The UN's top legal official says the results of a review into corruption allegations will not be raised in meetings this week.
AFP/POOL HENG SINITH
Former Khmer Rouge head of state Khieu Samphan, whose lawyers on Friday became the most recent defense team to raise the issue of corruption at Cambodia's war crimes court.
THE UN's top legal officer spoke with key donors to Cambodia's war crimes court ahead of today's scheduled meeting with Deputy Prime Minister Sok An, but said the fallout from a UN probe into graft allegations at the tribunal would not be addressed.
"I'm not going to bring that issue up," Peter Taksoe-Jensen told the Post in an interview Sunday evening, referring to the findings of the review that was conducted last year by the UN's Office of Internal Oversight into claims that some Cambodian court employees were forced to
kick back portions of their salaries to their bosses.
"As you know, one of the defence teams has filed a request for the court to look into this issue, and I understand that the court has made a decision," he said, referring to last month's request by Nuon Chea's defence team to release the probe's findings, and Friday's announcement by tribunal judges in response.
"[The] important task of watching over the reputation of the court and providing appropriate follow-up on the allegations of corruption ... is not within the mandate of the co-investigating judges, but rather of the Cambodian and United Nations authorities," the judges wrote, quashing a written request for release of the findings submitted by Nuon Chea's lawyers, which has the support of all defence teams bar one.
Taksoe-Jensen said the UN was currently "processing" a similar request from Nuon Chea's legal team to release the controversial findings.
Two other sets of lawyers, representing former Khmer Rouge foreign minister Ieng Sary and head of state Khieu Samphan, attempted to raise the corruption issue during court hearings last week but were muzzled by the judges.
Defence on the offensive
"I should keep silent because it's not good to be shooting at the wounded in ambulances, just like it's not good to be shooting at dying institutions," famed French attorney Jacques Verges told the court in a seemingly prepared response to being told to be silent on the corruption issue.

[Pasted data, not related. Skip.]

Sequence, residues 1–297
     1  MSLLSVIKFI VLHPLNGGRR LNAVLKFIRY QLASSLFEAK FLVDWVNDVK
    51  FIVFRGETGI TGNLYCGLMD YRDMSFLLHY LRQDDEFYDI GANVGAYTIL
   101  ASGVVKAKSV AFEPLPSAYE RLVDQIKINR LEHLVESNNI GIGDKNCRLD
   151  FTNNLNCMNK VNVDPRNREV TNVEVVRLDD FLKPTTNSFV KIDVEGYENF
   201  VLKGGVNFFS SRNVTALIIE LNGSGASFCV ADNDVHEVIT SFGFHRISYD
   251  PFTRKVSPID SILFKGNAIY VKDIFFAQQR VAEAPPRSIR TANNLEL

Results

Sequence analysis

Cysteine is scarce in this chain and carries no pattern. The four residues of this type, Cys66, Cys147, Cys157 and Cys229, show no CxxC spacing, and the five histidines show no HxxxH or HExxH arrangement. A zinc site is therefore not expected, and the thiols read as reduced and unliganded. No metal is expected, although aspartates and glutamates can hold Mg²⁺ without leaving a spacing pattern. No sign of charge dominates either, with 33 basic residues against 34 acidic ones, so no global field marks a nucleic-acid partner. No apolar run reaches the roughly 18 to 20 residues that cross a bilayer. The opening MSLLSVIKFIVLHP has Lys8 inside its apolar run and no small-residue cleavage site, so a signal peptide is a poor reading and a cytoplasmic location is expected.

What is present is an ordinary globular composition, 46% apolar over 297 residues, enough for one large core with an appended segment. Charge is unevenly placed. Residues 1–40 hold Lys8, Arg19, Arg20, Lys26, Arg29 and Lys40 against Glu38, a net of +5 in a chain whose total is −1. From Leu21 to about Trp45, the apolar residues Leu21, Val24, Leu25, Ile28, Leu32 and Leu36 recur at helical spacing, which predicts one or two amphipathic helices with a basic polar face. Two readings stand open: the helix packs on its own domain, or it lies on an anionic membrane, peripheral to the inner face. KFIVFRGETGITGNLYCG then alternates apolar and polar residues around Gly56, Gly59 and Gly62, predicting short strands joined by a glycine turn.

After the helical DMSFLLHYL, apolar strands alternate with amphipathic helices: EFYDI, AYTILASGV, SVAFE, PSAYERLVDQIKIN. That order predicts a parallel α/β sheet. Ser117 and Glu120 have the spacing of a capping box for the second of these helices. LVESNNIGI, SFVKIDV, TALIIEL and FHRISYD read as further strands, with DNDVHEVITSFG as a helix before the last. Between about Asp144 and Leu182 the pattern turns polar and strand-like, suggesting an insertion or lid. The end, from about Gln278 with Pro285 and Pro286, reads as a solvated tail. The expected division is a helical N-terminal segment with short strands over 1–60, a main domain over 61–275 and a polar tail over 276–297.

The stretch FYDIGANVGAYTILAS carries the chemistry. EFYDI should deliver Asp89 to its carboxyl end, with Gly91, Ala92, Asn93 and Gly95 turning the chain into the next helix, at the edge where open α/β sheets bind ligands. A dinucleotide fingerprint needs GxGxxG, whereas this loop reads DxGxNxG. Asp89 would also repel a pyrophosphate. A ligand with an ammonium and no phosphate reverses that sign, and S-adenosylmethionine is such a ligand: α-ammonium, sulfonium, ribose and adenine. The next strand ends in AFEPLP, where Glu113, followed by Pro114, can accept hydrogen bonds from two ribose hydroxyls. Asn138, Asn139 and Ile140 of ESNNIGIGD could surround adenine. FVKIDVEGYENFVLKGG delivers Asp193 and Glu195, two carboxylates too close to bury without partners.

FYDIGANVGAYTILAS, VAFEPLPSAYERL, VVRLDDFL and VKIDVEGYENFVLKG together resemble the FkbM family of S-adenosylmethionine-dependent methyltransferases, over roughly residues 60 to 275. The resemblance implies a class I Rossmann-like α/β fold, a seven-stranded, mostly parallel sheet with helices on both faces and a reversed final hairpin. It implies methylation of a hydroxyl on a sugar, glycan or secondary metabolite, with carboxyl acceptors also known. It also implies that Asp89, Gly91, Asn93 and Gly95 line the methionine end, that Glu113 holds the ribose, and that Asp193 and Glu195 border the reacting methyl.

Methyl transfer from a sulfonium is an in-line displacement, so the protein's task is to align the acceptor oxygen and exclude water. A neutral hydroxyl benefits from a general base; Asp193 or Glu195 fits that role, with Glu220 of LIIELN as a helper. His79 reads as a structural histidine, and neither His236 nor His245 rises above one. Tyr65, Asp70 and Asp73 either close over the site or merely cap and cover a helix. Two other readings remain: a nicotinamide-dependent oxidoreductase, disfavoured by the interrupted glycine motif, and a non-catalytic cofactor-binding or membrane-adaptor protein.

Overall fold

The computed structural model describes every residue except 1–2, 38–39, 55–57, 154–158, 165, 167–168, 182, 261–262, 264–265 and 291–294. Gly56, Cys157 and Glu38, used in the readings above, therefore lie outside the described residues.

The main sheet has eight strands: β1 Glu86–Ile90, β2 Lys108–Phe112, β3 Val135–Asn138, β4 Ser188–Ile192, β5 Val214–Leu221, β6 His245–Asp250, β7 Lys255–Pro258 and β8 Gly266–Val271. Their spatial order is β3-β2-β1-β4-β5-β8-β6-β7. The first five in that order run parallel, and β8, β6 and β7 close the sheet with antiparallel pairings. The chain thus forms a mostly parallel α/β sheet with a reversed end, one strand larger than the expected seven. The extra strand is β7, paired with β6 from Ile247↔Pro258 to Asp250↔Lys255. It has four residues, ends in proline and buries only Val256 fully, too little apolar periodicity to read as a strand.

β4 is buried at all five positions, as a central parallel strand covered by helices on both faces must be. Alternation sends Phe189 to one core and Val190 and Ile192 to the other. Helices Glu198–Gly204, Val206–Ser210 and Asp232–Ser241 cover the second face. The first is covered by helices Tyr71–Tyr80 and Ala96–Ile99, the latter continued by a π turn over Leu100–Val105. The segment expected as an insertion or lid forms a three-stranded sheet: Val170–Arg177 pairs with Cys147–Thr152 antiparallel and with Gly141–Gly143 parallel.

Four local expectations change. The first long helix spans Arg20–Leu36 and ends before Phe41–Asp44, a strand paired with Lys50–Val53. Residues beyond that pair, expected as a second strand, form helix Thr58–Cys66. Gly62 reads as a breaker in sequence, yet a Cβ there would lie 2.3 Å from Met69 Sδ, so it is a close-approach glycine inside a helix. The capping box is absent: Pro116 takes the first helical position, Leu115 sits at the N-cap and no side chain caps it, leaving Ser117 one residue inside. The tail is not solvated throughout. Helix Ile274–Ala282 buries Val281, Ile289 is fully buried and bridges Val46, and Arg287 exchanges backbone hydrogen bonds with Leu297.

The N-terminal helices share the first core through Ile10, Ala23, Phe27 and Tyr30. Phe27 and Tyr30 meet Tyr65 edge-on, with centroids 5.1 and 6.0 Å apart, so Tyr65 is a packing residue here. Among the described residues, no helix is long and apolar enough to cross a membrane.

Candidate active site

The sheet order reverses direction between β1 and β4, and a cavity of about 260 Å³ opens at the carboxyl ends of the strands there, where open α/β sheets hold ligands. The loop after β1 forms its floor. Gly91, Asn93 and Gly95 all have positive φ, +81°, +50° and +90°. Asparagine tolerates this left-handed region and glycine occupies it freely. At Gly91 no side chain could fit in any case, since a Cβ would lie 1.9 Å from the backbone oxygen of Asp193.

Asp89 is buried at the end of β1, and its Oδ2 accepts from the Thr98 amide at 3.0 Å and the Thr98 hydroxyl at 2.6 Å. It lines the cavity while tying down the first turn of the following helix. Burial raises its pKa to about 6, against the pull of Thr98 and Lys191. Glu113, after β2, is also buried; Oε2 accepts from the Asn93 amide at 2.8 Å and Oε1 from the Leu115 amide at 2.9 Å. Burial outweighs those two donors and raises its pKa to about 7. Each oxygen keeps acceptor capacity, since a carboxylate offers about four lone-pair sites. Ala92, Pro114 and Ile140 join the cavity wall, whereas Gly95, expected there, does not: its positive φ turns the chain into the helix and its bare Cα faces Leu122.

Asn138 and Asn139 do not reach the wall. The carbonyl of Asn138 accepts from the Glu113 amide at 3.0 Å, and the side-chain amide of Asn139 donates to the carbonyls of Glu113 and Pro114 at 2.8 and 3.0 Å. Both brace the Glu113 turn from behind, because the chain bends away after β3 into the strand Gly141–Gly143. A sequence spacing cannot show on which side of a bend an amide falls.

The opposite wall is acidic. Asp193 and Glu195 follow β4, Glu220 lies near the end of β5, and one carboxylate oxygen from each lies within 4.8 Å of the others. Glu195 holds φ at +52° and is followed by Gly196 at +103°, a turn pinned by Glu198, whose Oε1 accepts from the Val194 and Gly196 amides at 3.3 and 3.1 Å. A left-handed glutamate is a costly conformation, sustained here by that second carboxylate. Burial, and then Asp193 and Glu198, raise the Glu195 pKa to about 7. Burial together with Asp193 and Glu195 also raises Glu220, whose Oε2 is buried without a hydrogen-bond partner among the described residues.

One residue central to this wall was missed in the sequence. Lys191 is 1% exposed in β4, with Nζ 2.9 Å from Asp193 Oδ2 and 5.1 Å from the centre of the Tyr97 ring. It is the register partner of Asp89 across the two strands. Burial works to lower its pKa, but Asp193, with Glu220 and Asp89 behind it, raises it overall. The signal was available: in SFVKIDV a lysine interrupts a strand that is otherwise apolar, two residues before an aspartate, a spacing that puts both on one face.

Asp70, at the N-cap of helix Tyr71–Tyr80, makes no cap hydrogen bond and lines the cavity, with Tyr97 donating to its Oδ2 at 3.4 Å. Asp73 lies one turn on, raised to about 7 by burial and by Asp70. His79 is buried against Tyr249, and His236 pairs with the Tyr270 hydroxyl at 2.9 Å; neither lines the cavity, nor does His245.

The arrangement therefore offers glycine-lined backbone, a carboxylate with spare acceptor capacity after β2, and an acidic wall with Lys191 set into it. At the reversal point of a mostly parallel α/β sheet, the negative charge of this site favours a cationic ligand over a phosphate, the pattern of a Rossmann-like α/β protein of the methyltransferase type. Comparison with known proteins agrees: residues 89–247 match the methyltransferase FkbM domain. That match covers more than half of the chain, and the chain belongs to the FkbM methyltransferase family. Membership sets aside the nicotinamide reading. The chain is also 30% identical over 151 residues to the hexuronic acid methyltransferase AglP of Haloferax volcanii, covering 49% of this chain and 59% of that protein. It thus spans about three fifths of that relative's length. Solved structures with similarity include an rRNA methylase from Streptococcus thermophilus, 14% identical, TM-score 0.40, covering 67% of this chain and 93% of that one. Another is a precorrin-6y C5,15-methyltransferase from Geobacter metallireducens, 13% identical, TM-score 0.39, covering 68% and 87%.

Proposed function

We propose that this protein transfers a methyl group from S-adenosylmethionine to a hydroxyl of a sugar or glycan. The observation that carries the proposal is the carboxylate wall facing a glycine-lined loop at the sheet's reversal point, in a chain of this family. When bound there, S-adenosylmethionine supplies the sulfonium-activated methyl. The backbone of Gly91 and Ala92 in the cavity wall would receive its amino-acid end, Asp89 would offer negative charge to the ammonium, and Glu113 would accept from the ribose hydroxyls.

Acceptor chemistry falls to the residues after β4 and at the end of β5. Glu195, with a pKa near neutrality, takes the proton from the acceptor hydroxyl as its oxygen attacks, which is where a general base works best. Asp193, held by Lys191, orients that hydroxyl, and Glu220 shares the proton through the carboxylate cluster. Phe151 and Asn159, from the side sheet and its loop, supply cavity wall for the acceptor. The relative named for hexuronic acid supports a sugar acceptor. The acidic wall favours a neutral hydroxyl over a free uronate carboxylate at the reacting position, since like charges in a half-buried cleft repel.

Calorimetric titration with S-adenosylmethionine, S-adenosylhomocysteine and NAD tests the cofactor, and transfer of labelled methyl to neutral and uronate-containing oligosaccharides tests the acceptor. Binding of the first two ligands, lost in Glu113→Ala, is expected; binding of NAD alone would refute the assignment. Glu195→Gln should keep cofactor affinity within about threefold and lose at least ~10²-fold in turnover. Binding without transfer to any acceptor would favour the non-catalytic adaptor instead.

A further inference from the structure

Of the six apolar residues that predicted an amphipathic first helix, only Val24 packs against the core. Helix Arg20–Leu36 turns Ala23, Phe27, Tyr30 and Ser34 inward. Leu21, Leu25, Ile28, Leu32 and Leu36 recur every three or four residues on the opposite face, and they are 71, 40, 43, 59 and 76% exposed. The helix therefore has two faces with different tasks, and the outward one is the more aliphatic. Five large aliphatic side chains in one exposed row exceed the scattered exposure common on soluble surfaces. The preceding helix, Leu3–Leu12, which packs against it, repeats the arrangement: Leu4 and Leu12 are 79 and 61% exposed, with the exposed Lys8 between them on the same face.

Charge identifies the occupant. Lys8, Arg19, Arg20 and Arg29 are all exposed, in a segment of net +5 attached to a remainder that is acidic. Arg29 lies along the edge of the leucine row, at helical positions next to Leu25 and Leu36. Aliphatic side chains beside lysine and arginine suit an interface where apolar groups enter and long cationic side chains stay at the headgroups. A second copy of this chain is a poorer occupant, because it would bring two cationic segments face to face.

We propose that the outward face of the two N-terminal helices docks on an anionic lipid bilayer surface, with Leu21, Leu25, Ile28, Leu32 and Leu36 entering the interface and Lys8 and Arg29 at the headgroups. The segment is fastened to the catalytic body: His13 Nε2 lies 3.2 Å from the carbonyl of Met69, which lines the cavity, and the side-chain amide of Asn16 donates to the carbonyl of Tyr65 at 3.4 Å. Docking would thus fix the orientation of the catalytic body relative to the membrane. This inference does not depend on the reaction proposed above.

Speaking at a bail hearing for Khieu Samphan on Friday, the lawyer, whose clients have included Venezuelan terrorist Carlos the Jackal and Nazi war criminal Klaus Barbie, also made reference to comments made earlier last week by Prime Minister Hun Sen, who said he would rather the UN-backed court fail than pursue more suspects for prosecution.
"In this sense, you are moral squatters," Verges said.
However, he was stopped by Australian judge Rowan Downing, who told him that it was not possible to talk about "a new issue" during proceedings in which he was supposed to be responding to prosecution arguments.
Defence lawyers for Ieng Sary were the first to bring up the issue on Thursday, when American lawyer Michael Karnavas was also told by international judges that the issue would not be discussed in that particular session. Taksoe-Jensen said that he felt "the defence lawyers are doing their job and we expect them to do that".
He said in his opinion, however, that talk of a court collapse was "far-fetched", maintaining that finances on the UN side were "healthy" and there was a strong willingness on the Cambodian side to not allow a lack of cash to impede judicial progress.
However, he conceded the link between the lingering graft allegations and the Cambodian side's funding difficulties was important.
"When these allegations were brought forward, the donors and also UNDP took steps on the basis of the allegations in the press, so there is in my view a link between the two issues," he said.
"Therefore we have the ambition to solve the issue tomorrow so that we can get back to what the court is really about."
Amid the recent focus on the graft allegations, Taksoe-Jensen said the talks with Sok An would focus on establishing "a credible mechanism whereby all employees at the court would be able to report misconduct in a way in which they will not fear any interrogation".
The court's current whistle-blower protections on the Cambodian side have had little success.
"I can only say that it is very important for the UN that cases go forward which meet fair trial standards, and we are very certain that that is going to be the case," Taksoe-Jensen said.
"I've been assured by talking to the international judges today that they will only go forward if there will be a fair trial. And we will, and will only, back the court so long as we are in a position to make sure of this," he added.
Since the corruption allegations first surfaced in October 2007, Taksoe-Jensen has visited the Kingdom several times in a bid to hammer out a deal with the Cambodian government that would allow international donors - many of whom are now reluctant to fund the Cambodian side of the court - to resume payments.
Patricia Georget of the Office of Legal Affairs said the talks would deal with the "same issues as last time", but could not give more detail.
Sok An and Taksoe-Jensen last met in February, when both parties agreed to deal with the issue of corruption through their separate administrative channels. Court public affairs officer Helen Jarvis was unable to confirm Sunday what would be discussed today, saying there was "no official agenda".